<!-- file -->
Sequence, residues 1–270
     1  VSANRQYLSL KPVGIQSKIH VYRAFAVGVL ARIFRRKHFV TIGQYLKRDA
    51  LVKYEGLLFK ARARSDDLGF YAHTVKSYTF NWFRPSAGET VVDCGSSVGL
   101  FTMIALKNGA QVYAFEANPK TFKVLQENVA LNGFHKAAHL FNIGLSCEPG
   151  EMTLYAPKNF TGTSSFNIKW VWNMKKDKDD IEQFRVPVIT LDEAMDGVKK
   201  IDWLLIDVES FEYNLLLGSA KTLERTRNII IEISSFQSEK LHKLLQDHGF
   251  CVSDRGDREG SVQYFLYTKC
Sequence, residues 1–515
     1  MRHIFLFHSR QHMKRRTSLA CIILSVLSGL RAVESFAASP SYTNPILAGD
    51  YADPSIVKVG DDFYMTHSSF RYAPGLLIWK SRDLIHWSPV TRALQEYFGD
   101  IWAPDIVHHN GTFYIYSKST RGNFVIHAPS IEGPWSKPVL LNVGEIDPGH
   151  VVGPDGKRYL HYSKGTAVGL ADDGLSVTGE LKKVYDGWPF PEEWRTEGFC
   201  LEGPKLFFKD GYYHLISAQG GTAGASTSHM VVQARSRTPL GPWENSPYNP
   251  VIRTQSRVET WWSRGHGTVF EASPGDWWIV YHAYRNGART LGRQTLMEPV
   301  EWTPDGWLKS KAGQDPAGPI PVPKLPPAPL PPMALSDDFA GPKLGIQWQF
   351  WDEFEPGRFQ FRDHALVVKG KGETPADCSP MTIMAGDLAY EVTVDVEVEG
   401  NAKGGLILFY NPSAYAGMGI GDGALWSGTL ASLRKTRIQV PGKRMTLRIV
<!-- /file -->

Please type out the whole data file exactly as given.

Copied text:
Sequence, residues 1–270
     1  VSANRQYLSL KPVGIQSKIH VYRAFAVGVL ARIFRRKHFV TIGQYLKRDA
    51  LVKYEGLLFK ARARSDDLGF YAHTVKSYTF NWFRPSAGET VVDCGSSVGL
   101  FTMIALKNGA QVYAFEANPK TFKVLQENVA LNGFHKAAHL FNIGLSCEPG
   151  EMTLYAPKNF TGTSSFNIKW VWNMKKDKDD IEQFRVPVIT LDEAMDGVKK
   201  IDWLLIDVES FEYNLLLGSA KTLERTRNII IEISSFQSEK LHKLLQDHGF
   251  CVSDRGDREG SVQYFLYTKC
Sequence, residues 1–515
     1  MRHIFLFHSR QHMKRRTSLA CIILSVLSGL RAVESFAASP SYTNPILAGD
    51  YADPSIVKVG DDFYMTHSSF RYAPGLLIWK SRDLIHWSPV TRALQEYFGD
   101  IWAPDIVHHN GTFYIYSKST RGNFVIHAPS IEGPWSKPVL LNVGEIDPGH
   151  VVGPDGKRYL HYSKGTAVGL ADDGLSVTGE LKKVYDGWPF PEEWRTEGFC
   201  LEGPKLFFKD GYYHLISAQG GTAGASTSHM VVQARSRTPL GPWENSPYNP
   251  VIRTQSRVET WWSRGHGTVF EASPGDWWIV YHAYRNGART LGRQTLMEPV
   301  EWTPDGWLKS KAGQDPAGPI PVPKLPPAPL PPMALSDDFA GPKLGIQWQF
   351  WDEFEPGRFQ FRDHALVVKG KGETPADCSP MTIMAGDLAY EVTVDVEVEG
   401  NAKGGLILFY NPSAYAGMGI GDGALWSGTL ASLRKTRIQV PGKRMTLRIV